HUMANITY is under siege. We are supposed to be living in a new Industrial Revolution. Billions of people are freed from the shackles of poverty to be in a better economic position. Individuals are making more money than sovereign countries combined.
There have been worse pandemics and epidemics before. And deadlier outbreaks too. Millions more have died because of contagious diseases. But none of those, however fatal they were, ever brought the world to its knees, literally.
Humans should be humbled by this experience. No amount of snobbishness, wealth and technology can save humanity this time. For now, despite human’s best effort, the way forward is only containment. There is no cure for Covid-19, at least for now.
The impact on humanity is unimaginable. Never before one’s behaviour will impact upon the lives of so many others. We are co-dependent on each other yet we have to keep our distance from each other.
This newspaper carried the headline “Life in the time of Covid-19” on March 15. That reminds me of the title of the 1985 novel by Gabriel Garcia Marquez titled El amor en los tiempos del colera (Love in the Time of Cholera). The author, best known for his other novel One Hundred Years of Solitude (1967) was the Nobel Prize Winner for Literature in 1982. Like the two lovers in the novel we are indeed living in a difficult time, only that ours is in the time of Covid-19.
The world will never be the same again. Technological advancements and the latest state-of-the-art medical facilities are no match to the scourge. It is spreading like wildfire and creating panic the world over. The word “lockdown” is now the new lexicon in fighting the pandemic. Countries are locking down – partially or fully – as a measure to contain the spread of the disease.
Covid-19 knows no boundaries. No one is spared, not even Prince Charles and two of my favourite actors, Tom Hanks and Idris Elba. And thousands others from all walks of life and social standing. We are hearing new phrases now like social distancing and mass testing.
Malaysia’s movement control order (MCO) is now extended for two more weeks. We are talking about a total of 28 days or 762 hours or 40,320 minutes. It is not easy. Telling people to stay home is one thing. To have a family of eight living in a two-room flat and staying put for four weeks will never be easy. It is a lot more difficult to curtail the movement of children. But we have to make sacrifices.
The MCO started shakily. Even before the announcement people were emptying selves at supermarkets and sundry shops. The sad thing was, even on the first day of the implementation, students were rushing to bus stations to get tickets back home. Others thought the initial two-week MCO was an excuse to balik kampung. As I have argued in my other piece (“We simply never learn”, The Star, February 2) we are never good at managing crisis, especially in the first critical stage. The government was not putting in place the situation-based management system as fast and as effective as it should be.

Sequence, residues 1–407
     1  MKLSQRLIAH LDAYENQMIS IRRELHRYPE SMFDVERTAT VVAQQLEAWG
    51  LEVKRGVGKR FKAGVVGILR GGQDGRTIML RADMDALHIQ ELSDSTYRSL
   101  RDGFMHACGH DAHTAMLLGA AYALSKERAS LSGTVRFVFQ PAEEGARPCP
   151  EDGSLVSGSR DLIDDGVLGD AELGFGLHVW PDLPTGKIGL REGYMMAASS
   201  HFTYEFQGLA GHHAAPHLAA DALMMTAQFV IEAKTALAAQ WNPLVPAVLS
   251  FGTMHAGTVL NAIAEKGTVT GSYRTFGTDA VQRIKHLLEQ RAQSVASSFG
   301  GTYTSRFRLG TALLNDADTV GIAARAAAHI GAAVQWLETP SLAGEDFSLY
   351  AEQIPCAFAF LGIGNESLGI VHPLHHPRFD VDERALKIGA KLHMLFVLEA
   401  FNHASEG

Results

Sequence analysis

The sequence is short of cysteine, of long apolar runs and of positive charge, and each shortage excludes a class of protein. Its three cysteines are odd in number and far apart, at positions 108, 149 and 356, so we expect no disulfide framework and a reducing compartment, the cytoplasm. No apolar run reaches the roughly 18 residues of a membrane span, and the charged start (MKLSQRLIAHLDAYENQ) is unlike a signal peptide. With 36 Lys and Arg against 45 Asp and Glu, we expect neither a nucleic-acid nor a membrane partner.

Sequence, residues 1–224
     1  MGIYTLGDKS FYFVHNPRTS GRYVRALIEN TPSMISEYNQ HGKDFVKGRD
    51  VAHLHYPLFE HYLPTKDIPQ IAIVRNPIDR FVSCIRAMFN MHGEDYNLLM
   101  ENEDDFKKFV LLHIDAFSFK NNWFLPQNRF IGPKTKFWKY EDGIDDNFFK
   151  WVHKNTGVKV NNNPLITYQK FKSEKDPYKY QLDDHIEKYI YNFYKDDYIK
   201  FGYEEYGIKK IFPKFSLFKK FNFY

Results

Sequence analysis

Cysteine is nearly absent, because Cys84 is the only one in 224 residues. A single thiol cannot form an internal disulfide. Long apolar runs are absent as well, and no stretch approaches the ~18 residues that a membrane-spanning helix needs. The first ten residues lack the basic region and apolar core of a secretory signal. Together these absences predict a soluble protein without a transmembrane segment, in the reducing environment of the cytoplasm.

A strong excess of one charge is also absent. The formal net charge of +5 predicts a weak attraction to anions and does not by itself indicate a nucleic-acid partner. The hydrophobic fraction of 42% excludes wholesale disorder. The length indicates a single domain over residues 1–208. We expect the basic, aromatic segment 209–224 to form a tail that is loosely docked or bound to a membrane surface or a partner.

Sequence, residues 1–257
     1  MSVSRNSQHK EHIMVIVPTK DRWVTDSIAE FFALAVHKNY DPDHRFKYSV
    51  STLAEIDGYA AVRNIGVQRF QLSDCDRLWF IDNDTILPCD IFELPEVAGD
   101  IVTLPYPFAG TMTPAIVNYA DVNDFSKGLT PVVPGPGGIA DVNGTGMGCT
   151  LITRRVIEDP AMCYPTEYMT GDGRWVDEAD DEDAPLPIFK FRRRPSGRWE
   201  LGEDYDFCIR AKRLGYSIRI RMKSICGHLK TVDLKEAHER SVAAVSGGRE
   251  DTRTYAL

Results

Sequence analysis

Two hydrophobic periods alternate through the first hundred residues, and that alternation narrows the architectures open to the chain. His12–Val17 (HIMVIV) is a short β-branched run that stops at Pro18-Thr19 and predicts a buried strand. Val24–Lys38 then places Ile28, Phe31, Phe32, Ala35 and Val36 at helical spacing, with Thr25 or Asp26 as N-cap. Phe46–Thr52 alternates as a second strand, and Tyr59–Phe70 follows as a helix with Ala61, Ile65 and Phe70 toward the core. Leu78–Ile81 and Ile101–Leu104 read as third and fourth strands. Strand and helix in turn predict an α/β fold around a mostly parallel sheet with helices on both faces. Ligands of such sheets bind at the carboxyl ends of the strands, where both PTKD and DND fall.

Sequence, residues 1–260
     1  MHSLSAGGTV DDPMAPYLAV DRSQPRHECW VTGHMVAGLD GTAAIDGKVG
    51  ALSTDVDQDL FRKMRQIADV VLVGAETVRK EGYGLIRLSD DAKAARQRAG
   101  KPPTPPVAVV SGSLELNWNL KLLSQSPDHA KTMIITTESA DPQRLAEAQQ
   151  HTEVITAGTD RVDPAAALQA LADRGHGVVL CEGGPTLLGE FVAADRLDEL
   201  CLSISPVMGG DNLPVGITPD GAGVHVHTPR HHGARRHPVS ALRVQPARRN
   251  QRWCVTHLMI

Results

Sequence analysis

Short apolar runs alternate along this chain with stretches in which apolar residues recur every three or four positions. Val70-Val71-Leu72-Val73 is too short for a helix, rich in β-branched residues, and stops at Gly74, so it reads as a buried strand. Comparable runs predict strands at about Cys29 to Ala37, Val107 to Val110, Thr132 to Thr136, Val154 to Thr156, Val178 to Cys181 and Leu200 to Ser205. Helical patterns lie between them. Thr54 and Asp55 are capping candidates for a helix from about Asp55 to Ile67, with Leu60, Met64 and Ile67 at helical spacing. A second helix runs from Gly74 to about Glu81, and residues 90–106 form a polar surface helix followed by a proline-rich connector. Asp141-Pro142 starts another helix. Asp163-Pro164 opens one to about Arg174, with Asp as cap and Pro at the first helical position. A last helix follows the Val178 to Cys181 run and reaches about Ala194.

We all understand the role played by the frontliners in the war against the pandemic. The police and the army have been helping to control the movement of people who are finding the slightest excuse to leave their houses.
The MCO must work. Failure is not an option, says the Prime Minister.
We are proud to have the face of professionalism, civility and composure in times of crisis. While the politicians are trying their best not to confuse us with their reckless statements and pronouncements, we have Datuk Dr Noor Hisham Abdullah, the director-general of Health. He is the face of the crisis as was Datuk Seri Hishammudddin Hussein during the MH370 incident. Dr Noor Hisham deserves all the accolades together with his tireless medical personnel.
The crisis brings the best and the worst in humans. And the most creative too. Social media can be the cesspool of nonsense and fake news but there are gems in the form of jokes and banters to cheer us up. I never knew Malaysians can be that creative. We need laughter in the time of Covid-19.
The Prime Minister showed us his soft side in one of his TV appearances, talking about not being able to see his grandchildren during the MCO period. He spoke on my behalf too. I will only be seeing my grand daughters Tiara and Thalia in 15 more days, or 360 hours or 21,600 minutes or 1,728,000 seconds to be exact.
That is, if the MCO is not extended!
Johan Jaaffar was a journalist, editor and for some years chairman of a media company, and is passionate about all things literature and the arts. And a die-hard rugby fan. The views expressed here are entirely his own. | This article was published in The Star - Malaysia, Monday - March 30, 2020